Calling for a $15 minimum wage, paid sick leave, predictable scheduling and better treatment from employers, hundreds of hourly workers and labor advocates marched through Minneapolis on Tuesday, ending their protest with a two-hour demonstration at City Hall.

The protests were held in sync with a larger strike of hourly workers in dozens of cities across the country, and local organizers said workers walked out of about 70 Minneapolis businesses on Tuesday morning.

The demonstrators in Minneapolis pointed to both the national campaign for a higher minimum wage and the local battle that has erupted over a slate of workplace reforms proposed —and then paused — by the mayor and council. 

It was the third time in recent months that workers’ groups have descended on City Hall to call for higher wages and other benefits. Each time, the message has been the same: better pay and benefits will help erase gaps between the rich and poor, and white and minority workers.

Michael McDowell, an organizer with the labor group Centro de Trabajadores Unidos en Lucha (CTUL), stood on the marble steps in the City Hall rotunda, rallying the crowd.

“This is a great place to raise a family,” he said.
“If you’re white!” interjected a protester.

“If you’re white — that’s right,” McDowell said. “Workers are saying they won’t take it anymore. They want equity. They want justice.”

Speakers pointed to the City Council’s recent decision to scale back a set of reforms known as the Working Families Agenda. A plan that initially included sweeping scheduling requirements and paid sick leave for all Minneapolis businesses was tabled after getting considerable push back from business owners.

The sick leave proposal continues to move forward, though on a slower track. The council is currently forming a new, 15-member work group that will come up with a recommendation by February. Appointments to the committee will be made from a field of 77 applicants.

Mayor Betsy Hodges has said she does not support a citywide minimum wage increase, but the council has approved funding for a study of how such an increase could impact the local economy.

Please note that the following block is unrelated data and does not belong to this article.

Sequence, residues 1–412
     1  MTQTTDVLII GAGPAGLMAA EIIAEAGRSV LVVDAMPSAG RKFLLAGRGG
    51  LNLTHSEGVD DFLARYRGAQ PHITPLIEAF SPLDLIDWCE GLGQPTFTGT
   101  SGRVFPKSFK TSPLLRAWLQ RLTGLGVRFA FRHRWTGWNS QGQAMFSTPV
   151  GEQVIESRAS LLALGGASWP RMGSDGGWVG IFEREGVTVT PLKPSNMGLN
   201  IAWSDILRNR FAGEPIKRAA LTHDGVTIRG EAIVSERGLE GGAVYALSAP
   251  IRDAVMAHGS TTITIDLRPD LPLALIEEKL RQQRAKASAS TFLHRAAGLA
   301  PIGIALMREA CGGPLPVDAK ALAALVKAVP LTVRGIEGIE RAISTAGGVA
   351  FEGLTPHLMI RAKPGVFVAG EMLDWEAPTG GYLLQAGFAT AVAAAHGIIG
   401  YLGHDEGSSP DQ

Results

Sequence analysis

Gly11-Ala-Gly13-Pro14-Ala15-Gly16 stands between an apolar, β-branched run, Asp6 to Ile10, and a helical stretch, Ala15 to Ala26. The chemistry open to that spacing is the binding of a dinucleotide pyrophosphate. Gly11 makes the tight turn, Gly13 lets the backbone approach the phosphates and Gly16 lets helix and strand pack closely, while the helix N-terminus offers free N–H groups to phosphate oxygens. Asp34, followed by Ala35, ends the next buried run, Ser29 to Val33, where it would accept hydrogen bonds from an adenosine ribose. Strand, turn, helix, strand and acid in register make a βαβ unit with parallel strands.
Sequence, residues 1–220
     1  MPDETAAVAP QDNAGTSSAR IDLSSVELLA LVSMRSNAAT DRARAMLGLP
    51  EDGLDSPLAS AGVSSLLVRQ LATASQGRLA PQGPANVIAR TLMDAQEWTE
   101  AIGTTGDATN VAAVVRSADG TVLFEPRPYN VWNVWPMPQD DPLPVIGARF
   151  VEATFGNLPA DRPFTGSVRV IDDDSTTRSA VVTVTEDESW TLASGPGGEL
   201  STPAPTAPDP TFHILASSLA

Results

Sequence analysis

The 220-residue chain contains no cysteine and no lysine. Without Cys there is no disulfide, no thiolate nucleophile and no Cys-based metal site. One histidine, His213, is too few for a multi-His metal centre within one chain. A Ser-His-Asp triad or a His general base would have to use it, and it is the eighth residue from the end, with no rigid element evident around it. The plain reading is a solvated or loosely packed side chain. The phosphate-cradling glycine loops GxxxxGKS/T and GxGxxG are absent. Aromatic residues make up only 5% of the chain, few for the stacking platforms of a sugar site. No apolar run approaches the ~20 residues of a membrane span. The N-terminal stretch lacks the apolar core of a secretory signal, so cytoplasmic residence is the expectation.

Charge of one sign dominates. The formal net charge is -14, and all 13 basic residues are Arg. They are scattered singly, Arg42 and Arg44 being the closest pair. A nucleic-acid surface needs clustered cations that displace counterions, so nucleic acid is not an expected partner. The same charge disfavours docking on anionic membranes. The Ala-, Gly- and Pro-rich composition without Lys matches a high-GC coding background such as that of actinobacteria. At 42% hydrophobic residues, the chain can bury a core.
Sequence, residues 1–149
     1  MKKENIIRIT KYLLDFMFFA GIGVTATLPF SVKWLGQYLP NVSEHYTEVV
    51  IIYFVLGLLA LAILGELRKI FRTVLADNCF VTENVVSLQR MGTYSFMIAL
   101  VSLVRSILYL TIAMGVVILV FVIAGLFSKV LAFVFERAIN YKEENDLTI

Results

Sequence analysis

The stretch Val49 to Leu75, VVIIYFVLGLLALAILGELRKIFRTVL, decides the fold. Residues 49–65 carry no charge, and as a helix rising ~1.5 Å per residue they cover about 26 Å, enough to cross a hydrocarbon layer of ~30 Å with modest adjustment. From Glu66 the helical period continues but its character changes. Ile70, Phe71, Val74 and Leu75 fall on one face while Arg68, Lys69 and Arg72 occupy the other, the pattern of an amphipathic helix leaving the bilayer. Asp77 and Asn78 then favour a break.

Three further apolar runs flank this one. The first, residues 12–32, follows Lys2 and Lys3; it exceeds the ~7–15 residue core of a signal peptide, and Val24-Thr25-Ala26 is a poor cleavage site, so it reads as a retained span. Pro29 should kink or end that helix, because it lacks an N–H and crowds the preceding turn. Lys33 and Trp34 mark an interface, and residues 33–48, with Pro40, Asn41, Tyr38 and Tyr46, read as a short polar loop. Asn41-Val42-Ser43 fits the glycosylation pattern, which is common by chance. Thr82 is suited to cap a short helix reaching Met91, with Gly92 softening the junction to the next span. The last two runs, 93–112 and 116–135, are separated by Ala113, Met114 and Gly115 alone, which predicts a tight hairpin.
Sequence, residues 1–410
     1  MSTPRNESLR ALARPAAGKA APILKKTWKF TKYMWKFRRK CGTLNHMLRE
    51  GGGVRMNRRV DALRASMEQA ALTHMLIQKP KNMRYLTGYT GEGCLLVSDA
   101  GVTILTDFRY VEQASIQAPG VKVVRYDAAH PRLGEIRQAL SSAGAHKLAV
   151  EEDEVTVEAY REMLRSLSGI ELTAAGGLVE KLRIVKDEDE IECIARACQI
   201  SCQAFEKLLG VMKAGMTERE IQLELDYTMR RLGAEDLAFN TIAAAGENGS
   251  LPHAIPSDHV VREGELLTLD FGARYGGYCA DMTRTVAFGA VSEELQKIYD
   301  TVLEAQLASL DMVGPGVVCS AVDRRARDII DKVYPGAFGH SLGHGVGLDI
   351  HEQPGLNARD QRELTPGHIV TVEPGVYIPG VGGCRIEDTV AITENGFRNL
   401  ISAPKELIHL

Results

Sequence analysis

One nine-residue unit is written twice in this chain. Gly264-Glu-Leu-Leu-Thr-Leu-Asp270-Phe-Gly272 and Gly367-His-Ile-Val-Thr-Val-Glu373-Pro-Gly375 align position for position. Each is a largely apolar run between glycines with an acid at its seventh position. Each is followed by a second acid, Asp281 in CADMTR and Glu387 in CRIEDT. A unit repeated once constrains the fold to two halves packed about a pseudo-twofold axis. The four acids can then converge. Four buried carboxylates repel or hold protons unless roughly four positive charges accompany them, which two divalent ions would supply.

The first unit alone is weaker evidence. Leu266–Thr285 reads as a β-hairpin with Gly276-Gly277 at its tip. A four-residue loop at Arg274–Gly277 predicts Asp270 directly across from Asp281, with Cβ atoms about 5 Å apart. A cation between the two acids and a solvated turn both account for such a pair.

Guillermo Lindsay, a Roseville McDonalds employee who was one of those on strike Tuesday, said smaller increases don’t do enough. Lindsay said he’s worked in fast food for 12 years and wants to see big corporations like his employer do more to share their profits with the lowest-paid workers. Currently, he makes $9.25 per hour.

An increase to $15, he said, was the least they could do: “$7.25, $8.25 even $9.25 doesn’t help pay the bills anymore,” he said. 

Some in the crowd said they were upset with city leaders who had courted their votes with “buzzwords” like “equity” — and then not voted for the workplace laws. 

Kandace Montgomery, an organizer with Black Lives Matter, urged people in the crowd to run for office.

“You have to do more than just say stuff on Facebook and social media,” she said. 

David Wiester, who works in surgical support at a hospital, said he has a good job and good benefits, thanks to his union. But he said it was important for him to stand alongside with people who don’t have as much.

“I’ve been part of the working poor,” he said. “I believe they have the right to make a good living.”

Hermelinda Juares, a fast food worker for the last 13 years, said she wants to see workers be able to earn sick leave and vacation time, along with a bigger paycheck. She said she’s confident those changes will happen because of the number of people pushing for them and the “strength” the movement has shown. 

Near the end of the demonstration, after a march through City Hall, several speeches and a musical performance, Nekima Levy-Pounds, president of the Minneapolis NAACP urged the protesters to return.

“You have to keep coming back to City Hall,” she said. “Don’t let them shut you down. If anything, it’s up to us to shut down business as usual.”